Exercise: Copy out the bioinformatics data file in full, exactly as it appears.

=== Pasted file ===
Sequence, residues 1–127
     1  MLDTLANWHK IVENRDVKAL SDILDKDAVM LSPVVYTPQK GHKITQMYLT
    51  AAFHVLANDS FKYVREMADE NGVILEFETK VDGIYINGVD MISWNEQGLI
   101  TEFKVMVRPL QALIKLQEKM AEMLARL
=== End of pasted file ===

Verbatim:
Sequence, residues 1–127
     1  MLDTLANWHK IVENRDVKAL SDILDKDAVM LSPVVYTPQK GHKITQMYLT
    51  AAFHVLANDS FKYVREMADE NGVILEFETK VDGIYINGVD MISWNEQGLI
   101  TEFKVMVRPL QALIKLQEKM AEMLARL